What if I get tired in the water?

Unless we’re on the house reef where you can easily get in and out of the water through the resort’s pier or at the beach, there is always a support boat shadowing us just in case a guest does become exhausted. Also, there are multiple guides in the water with at least two of them carrying large floats for guests to rest on if they get exhausted.

How much walking is involved with the land tours?

Some of the land tours will quite a bit of walking, but we can always make arrangements for a shorter or alternative land tour to suite your needs. On our Komodo tour for example the full trek to see the Komodo Dragons is probably just bit more than a mile in total with some hills, but if you didn’t want to do the full trek and still see the dragons the walk can be about ¼ mile round trip on flat land. Whatever the occasion, we will come up with something unique so you can still have a special la

nd excursion.

happy snorkel venture guests

Night snorkeling may sound a bit like a silly idea or maybe even a bit scary, but let me assure you that if you do it right it’s neither, and it can in fact be a highly unique and extremely cool snorkeling experience!

Best Strategies for Night Snorkeling

Aerial view of exposed coral reef

The best places to do a night snorkel are on shallow reefs in a calm bay where you’ll have constant protection from waves and current. On just about all of our tours we do our night snorkels on the resort’s house reefs which work perfectly as we have the resort’s pier to help us in and out of the water whenever we want. We usually plan for a couple group night snorkeling experiences on all of our tours. Just to make the whole experience a bit less scary for anyone who’s never done it before we typically plan to start our snorkel just before the sun sets so there is still enough light in the water so that we can slowly accustom ourselves to the darker waters. By the time the last light has left the water people are so engrossed in the snorkel that they haven’t even noticed that it’s gone completely black.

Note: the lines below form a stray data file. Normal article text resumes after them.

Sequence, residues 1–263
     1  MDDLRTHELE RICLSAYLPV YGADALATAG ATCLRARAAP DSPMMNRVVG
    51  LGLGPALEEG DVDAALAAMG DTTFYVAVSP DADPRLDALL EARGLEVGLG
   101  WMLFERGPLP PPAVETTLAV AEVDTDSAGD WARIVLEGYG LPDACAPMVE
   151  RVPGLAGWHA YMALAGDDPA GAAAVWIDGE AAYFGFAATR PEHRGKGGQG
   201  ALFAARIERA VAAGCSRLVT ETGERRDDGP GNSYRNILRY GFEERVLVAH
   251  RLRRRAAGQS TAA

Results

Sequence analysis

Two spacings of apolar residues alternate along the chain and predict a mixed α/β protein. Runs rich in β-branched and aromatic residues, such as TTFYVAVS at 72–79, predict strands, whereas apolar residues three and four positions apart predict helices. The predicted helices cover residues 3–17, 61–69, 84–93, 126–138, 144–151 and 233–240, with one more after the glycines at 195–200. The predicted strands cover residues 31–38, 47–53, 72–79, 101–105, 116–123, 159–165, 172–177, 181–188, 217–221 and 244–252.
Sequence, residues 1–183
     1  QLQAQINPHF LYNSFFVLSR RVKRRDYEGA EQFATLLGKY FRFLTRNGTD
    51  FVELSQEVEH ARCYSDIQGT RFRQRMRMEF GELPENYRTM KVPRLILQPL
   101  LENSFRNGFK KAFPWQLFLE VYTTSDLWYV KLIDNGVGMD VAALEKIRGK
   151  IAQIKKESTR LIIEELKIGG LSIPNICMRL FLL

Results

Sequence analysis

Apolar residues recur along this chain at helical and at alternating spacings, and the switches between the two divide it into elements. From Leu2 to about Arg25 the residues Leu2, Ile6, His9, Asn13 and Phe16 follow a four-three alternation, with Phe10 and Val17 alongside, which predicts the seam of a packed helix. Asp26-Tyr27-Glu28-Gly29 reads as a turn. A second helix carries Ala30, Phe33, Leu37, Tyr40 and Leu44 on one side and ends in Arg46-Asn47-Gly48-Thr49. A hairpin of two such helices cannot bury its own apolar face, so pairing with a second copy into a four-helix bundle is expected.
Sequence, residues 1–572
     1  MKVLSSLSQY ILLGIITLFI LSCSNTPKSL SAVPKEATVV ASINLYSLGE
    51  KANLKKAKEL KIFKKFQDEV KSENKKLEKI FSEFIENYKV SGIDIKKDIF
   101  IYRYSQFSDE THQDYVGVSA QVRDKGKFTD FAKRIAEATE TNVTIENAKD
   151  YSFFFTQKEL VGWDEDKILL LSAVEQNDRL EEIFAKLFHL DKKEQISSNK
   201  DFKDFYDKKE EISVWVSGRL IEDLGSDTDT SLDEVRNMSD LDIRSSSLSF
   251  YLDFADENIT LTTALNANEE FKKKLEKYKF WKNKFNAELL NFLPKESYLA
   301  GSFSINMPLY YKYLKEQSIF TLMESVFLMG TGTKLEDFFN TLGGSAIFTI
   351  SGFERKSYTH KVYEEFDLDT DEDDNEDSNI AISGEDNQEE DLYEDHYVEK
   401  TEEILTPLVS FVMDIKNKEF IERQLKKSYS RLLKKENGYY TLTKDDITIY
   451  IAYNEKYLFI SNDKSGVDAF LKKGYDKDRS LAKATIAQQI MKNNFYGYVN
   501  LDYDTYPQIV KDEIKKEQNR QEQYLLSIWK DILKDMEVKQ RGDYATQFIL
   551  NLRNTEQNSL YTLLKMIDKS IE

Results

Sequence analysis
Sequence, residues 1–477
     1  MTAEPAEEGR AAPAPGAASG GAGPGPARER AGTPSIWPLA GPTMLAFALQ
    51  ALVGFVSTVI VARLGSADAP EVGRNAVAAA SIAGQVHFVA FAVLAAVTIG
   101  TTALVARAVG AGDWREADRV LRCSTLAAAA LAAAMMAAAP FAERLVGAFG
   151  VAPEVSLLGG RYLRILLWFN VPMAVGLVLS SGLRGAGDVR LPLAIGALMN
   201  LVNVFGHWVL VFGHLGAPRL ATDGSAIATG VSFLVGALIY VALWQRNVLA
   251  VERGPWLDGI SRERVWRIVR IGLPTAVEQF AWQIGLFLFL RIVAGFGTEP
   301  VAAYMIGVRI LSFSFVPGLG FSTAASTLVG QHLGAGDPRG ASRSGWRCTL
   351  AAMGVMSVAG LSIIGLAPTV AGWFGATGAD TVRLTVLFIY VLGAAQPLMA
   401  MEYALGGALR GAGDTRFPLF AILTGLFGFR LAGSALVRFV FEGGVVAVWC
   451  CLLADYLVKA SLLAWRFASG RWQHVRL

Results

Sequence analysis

lights behind coral reef at night

Of course, everyone will have their own underwater flashlight to take with them. For those that don’t have their own the resorts will have one you can borrow or rent. One of the cool things about night snorkeling, aside from the amazing thing you’ll see, is how your focus on the reef changes. During the day snorkeling sessions the ambient light from the sun illuminates the entire reef, but at night you are focused only on the small area that your hand-held light lights up. Most guests find that having a refined field of view of the reef really helps them find the interesting critters as they are not consistently distracted by the enormity and overall beauty of the reef during the day. Also, because you are focused on only one small piece of the reef at a time you go much slower, once again helping you find those cool reef dwellers like the crabs and shrimps you wouldn’t otherwise see in the daytime.